Regulating abuse of superior bargaining position under the Japanese competition law: an anomaly or a necessity?

Regulating abuse of superior bargainingRegulating abuse of superior bargaining position under the Japanese competition law: an anomaly or a necessity?

Masako Wakui* and Thomas K. Cheng†

ABSTRACT
Abuse of superior bargaining position has long been a controversial area of
Japanese competition law. Even though it is by no means unique to Japan—Korea,
Taiwan, France, and Germany among others also have similar regulation—Japan’s
abuse regulation has tended to attract more attention globally. One of the main
sources of controversy for abuse regulation is whether it is consistent with competition
law, and whether it serves any useful economic purpose. This article attempts to
address this long-standing debate by examining whether abuse regulation is consistent
with the various objectives of competition law and other economic rationales.
Having determined that these objectives and rationales provide at best tenuous
justifications for abuse regulation, or are inconsistent with the Japan Fair Trade
Commission’s current enforcement practices, it proceeds to argue that abuse regulation
can be best justified as a supplement to deficient contract law enforcement, which
many commentators have noted is particularly serious for small- and medium-sized
enterprises in Japan.

I . INTRODUCTION
Regulating abuse of superior bargaining position has always been a somewhat distinctive,
and controversial, feature of Japanese competition law. Although it is by no
means unique globally, it seems to have attracted more attention than other comparable
provisions in other competition law regimes, most notably at the International Competition Network meeting in Kyoto in 2008. The controversy stems from the
fact that abuse of superior bargaining position has always sat uncomfortably within
competition law. It aims to regulate conduct by powerful firms, but it does not
require the establishment of monopoly power or dominance. Instead, it requires the
establishment of this somewhat nebulous concept of superior bargaining position.
Nor does it require a showing of anti-competitive effects of the conduct at issue. All
that is required is a showing that the conduct is somehow unfair and oppressive
under some seemingly ill-defined standard. Yet, unfair trade practices by large retailers,
or firms with superior bargaining power in general, have plagued other jurisdictions
as well, including the UK, Australia, and some continental European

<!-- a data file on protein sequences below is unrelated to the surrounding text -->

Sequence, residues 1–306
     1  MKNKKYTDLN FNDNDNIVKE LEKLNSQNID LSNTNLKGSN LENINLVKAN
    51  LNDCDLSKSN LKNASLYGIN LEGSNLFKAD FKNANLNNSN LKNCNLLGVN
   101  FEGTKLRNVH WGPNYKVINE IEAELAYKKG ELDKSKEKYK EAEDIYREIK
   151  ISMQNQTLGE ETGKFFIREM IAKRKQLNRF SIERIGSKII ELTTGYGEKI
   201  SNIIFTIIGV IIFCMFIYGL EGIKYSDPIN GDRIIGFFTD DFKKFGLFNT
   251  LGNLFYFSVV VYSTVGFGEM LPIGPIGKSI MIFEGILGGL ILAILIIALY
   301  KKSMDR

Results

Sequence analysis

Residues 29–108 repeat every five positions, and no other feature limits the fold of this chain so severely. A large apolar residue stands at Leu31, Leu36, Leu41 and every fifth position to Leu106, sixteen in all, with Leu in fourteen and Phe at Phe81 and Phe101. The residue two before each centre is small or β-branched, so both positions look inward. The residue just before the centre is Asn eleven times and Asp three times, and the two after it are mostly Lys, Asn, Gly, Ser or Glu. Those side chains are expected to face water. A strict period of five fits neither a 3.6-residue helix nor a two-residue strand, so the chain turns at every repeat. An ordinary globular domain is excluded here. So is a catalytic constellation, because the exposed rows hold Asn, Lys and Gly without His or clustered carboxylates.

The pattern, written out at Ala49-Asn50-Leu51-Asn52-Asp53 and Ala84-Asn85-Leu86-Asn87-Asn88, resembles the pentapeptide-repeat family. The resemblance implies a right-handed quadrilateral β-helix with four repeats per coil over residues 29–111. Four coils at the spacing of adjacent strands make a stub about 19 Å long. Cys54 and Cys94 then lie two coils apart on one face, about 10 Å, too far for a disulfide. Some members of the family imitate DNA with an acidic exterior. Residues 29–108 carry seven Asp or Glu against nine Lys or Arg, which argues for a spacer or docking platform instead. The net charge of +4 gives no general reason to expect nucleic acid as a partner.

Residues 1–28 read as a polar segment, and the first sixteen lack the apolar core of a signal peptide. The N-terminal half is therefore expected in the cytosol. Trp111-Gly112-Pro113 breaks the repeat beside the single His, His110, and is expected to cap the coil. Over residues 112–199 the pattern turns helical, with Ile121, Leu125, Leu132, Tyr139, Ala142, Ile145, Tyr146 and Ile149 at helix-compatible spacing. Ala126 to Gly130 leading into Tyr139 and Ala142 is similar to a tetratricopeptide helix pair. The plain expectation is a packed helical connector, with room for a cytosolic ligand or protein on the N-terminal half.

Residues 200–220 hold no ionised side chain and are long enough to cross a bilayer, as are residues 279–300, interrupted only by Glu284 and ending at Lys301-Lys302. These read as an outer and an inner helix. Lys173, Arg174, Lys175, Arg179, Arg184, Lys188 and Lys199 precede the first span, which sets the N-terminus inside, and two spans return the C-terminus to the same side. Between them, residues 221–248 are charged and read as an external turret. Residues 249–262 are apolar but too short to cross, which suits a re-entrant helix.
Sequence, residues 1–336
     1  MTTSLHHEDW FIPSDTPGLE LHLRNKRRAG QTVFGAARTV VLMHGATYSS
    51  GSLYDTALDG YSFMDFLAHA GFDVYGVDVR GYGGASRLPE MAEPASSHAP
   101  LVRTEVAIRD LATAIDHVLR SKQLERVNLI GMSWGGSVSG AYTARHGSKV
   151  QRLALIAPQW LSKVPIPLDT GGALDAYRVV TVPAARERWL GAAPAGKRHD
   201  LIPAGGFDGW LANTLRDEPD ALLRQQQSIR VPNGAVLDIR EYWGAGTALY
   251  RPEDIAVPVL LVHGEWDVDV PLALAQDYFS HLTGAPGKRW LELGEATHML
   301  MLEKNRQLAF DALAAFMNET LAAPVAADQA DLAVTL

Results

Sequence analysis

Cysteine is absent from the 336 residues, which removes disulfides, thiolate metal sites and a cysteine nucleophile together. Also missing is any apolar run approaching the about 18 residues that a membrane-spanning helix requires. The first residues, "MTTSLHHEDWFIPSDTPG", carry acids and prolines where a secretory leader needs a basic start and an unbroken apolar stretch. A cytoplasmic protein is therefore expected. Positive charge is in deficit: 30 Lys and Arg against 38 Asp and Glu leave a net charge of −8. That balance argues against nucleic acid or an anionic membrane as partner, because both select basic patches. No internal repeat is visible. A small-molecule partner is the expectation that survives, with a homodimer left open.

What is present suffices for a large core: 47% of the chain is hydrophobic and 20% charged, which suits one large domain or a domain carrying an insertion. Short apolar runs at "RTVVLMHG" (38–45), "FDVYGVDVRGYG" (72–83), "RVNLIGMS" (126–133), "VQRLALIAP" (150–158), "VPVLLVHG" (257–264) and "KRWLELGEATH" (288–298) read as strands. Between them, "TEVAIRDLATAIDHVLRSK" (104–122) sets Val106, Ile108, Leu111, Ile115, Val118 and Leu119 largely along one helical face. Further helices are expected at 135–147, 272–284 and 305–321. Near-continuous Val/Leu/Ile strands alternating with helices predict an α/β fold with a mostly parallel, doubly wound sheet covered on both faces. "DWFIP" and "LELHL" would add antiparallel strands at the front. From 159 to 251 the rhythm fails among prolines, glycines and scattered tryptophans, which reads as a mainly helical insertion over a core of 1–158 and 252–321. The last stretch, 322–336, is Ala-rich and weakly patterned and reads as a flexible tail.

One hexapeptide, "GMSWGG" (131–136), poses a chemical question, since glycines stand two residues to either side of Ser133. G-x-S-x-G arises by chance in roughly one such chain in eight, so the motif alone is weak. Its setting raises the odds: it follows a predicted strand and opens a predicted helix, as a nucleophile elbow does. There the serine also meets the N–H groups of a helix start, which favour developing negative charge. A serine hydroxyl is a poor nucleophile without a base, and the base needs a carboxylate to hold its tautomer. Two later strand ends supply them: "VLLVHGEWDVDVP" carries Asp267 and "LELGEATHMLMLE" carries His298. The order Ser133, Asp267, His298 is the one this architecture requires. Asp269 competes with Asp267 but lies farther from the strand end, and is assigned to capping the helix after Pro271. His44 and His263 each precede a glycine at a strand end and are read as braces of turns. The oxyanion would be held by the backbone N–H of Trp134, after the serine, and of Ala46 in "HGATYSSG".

countries. Therefore, it may be hasty to dismiss it as a mere anomaly or misguided
venture.
The regulation of abuse of superior bargaining position in Japan deserves
yet greater attention in light of the recent reform to the Anti-Monopoly Act
(AMA), which for the first time allows the Japan Fair Trade Commission (JFTC)
to impose surcharges for infringement. Enforcement against abuse of superior
bargaining position is no longer a toothless tiger and now has some serious bite,
as evident in some of the cases in which the JFTC imposed substantial
surcharges. Since then, the JFTC has taken formal enforcement measures against five
retailers.1
This article examines how Article 2(9)5 of the AMA, the relevant provision
governing abuse of superior bargaining position, is enforced by the JFTC,
referring mainly to the five aforementioned cases and a set of guidelines published
by the JFTC since 2010.2 It further assesses whether the regulation of abuse of
superior bargaining position can be reconciled with the general focus of competition
law on the competitive process and consumer welfare, and alternatively, whether
it can be justified by other economic rationale such as prevention of misalignment
of economic incentives or protection against expropriation of relationship-specific
investments. Having established that none of these rationale and justifications
can adequately account for the regulation of abuse of superior bargaining position,
this article puts forward the argument that abuse regulation can be best
explained as a supplement to deficient contract law enforcement. In light of
various characteristics in the Japanese legal system, it is argued that weaker
contractual parties often cannot adequately protect their interests and effectively
guard against ex post opportunistic behaviour. Regulatory intervention is, therefore,
called for.

 

Regulating abuse of superior bargaining position under the Japanese competition law: an anomaly or a necessity?

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